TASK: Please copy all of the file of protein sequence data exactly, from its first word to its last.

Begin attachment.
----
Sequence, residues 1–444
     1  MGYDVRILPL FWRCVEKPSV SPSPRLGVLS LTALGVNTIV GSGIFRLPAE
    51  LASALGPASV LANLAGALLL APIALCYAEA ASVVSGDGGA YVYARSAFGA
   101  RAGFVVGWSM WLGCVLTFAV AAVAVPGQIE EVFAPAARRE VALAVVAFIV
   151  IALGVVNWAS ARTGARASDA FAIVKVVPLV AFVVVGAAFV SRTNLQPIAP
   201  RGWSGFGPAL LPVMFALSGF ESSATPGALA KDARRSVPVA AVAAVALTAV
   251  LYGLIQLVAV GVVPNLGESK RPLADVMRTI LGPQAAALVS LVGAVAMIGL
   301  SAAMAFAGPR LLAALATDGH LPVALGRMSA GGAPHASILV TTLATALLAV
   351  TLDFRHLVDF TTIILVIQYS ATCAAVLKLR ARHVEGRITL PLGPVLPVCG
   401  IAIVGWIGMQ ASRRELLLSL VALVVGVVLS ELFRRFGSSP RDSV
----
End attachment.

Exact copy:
Sequence, residues 1–444
     1  MGYDVRILPL FWRCVEKPSV SPSPRLGVLS LTALGVNTIV GSGIFRLPAE
    51  LASALGPASV LANLAGALLL APIALCYAEA ASVVSGDGGA YVYARSAFGA
   101  RAGFVVGWSM WLGCVLTFAV AAVAVPGQIE EVFAPAARRE VALAVVAFIV
   151  IALGVVNWAS ARTGARASDA FAIVKVVPLV AFVVVGAAFV SRTNLQPIAP
   201  RGWSGFGPAL LPVMFALSGF ESSATPGALA KDARRSVPVA AVAAVALTAV
   251  LYGLIQLVAV GVVPNLGESK RPLADVMRTI LGPQAAALVS LVGAVAMIGL
   301  SAAMAFAGPR LLAALATDGH LPVALGRMSA GGAPHASILV TTLATALLAV
   351  TLDFRHLVDF TTIILVIQYS ATCAAVLKLR ARHVEGRITL PLGPVLPVCG
   401  IAIVGWIGMQ ASRRELLLSL VALVVGVVLS ELFRRFGSSP RDSV